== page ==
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The Filth



Title: The Filth
Author: Grant Morrison
Artist: Chris Weston, Gary Erskine
Year:
2002

I shall begin by saying that The Filth is probably the most difficult product I have ever reviewed, not because it is hard for me to weed out whether I like it or not, but because the comic itself defies analysis. Still, I shall of course do my best.

The Filth is about many things on many levels, but mostly it is about… filth. In any system, filth is necessary to evolve and is also a given by-product of health and well-being. From something negative and dirty springs something positive and beautiful. On the most superficial level, The Filth is about Greg Feely, who discovers that he is an undercover agent for a mysterious organisation called The Hand. Its agents function as the garbage collectors of the world; using the analogy of a human body, they get rid of waste products and make sure that everything works properly.

This does not sound too complex, does it? Well, as the narrative continues, further possible interpretations unfold and their implications proliferate. The beauty of this story lies in the fact that all these interpretations are valid throughout the comic. Some of them function on a very small scale, others on a very large one, but still they blend together and create a kaleidoscope of symbol and meaning.

The drawback is that the different parts tend to be bizarre and, although based on cool ideas, not as interesting as the whole. This is not obvious until the very end, meaning that I read the first ninety percent without even feeling some of the greatness; all that came near the end. So, if you plan on reading The Filth, make sure that you read all of it before you give up, do not stop halfway and think that you are in any position of assessing the quality of the entire comic.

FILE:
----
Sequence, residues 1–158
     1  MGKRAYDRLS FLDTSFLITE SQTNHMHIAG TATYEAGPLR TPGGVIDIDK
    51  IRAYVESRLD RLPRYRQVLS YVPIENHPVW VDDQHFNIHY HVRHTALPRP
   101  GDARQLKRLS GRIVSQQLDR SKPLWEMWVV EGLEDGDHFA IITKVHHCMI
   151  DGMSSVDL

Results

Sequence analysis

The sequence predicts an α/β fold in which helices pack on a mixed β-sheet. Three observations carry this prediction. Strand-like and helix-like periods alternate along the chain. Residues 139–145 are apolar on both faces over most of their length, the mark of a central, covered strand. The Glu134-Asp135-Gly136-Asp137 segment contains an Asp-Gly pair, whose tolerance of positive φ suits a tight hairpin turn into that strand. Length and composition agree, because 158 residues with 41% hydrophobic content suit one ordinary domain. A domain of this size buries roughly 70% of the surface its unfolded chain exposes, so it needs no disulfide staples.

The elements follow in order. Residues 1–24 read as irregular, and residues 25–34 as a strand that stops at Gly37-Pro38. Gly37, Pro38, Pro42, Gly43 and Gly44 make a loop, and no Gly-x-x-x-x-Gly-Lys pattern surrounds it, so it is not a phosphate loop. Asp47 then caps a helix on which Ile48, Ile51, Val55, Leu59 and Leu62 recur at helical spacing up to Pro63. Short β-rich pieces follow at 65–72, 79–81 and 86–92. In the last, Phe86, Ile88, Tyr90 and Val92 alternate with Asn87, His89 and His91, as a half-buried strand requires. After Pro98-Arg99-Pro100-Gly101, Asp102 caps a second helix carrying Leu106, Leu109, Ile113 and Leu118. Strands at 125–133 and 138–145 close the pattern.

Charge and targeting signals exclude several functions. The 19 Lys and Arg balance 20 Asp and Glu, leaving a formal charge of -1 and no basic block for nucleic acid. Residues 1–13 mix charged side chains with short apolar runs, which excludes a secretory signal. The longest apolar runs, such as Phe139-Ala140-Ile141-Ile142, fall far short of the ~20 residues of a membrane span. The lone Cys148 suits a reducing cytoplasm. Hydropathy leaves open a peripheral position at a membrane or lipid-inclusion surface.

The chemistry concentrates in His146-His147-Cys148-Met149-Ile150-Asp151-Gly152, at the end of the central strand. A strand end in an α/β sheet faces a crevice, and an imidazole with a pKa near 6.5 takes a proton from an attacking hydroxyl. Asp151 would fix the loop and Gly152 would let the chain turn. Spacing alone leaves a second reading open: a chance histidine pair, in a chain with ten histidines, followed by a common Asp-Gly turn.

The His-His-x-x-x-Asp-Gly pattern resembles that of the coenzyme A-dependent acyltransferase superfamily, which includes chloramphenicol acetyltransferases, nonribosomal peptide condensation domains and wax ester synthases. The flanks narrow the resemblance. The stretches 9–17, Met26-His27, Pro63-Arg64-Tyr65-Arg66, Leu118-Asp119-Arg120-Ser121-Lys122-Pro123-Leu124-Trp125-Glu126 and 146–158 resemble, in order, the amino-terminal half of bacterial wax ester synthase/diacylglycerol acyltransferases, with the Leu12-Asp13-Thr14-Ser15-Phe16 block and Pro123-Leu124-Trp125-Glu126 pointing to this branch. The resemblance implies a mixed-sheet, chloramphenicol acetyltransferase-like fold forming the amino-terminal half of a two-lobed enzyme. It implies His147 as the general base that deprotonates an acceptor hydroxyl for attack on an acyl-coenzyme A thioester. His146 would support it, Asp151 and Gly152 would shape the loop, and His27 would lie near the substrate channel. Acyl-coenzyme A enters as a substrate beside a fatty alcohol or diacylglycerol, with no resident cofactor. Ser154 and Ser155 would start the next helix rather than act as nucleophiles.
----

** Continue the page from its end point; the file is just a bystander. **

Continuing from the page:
Still, the individual episodes do contain interesting material as well, presenting a plethora of relatively undiscovered, yet brilliant ideas that could have formed the foundation to much more than brief episodes. Chris Weston and Gary Erskine have also made a good job with the artwork; without them some episodes would have been boring and the overall impression would probably have much lower.

Conclusively, the individual weakness of some of the episodes is still what I dislike most; otherwise I would have given The Filth an even better grade. As it is, four snails will have to suffice for the excellent presentation of the overall themes. If you like to read carefully thought-out chaos, The Filth is definitely for you.

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